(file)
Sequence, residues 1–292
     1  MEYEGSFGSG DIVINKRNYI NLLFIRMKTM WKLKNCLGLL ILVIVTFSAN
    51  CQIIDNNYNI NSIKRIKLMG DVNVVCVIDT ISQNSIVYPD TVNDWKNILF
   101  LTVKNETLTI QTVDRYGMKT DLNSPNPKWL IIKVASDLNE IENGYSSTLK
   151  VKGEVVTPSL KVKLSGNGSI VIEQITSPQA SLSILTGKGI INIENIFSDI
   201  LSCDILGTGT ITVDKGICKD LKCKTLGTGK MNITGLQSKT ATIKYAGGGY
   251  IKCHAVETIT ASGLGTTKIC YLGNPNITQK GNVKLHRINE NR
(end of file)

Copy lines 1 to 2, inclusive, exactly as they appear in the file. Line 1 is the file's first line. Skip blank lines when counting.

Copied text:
Sequence, residues 1–292
     1  MEYEGSFGSG DIVINKRNYI NLLFIRMKTM WKLKNCLGLL ILVIVTFSAN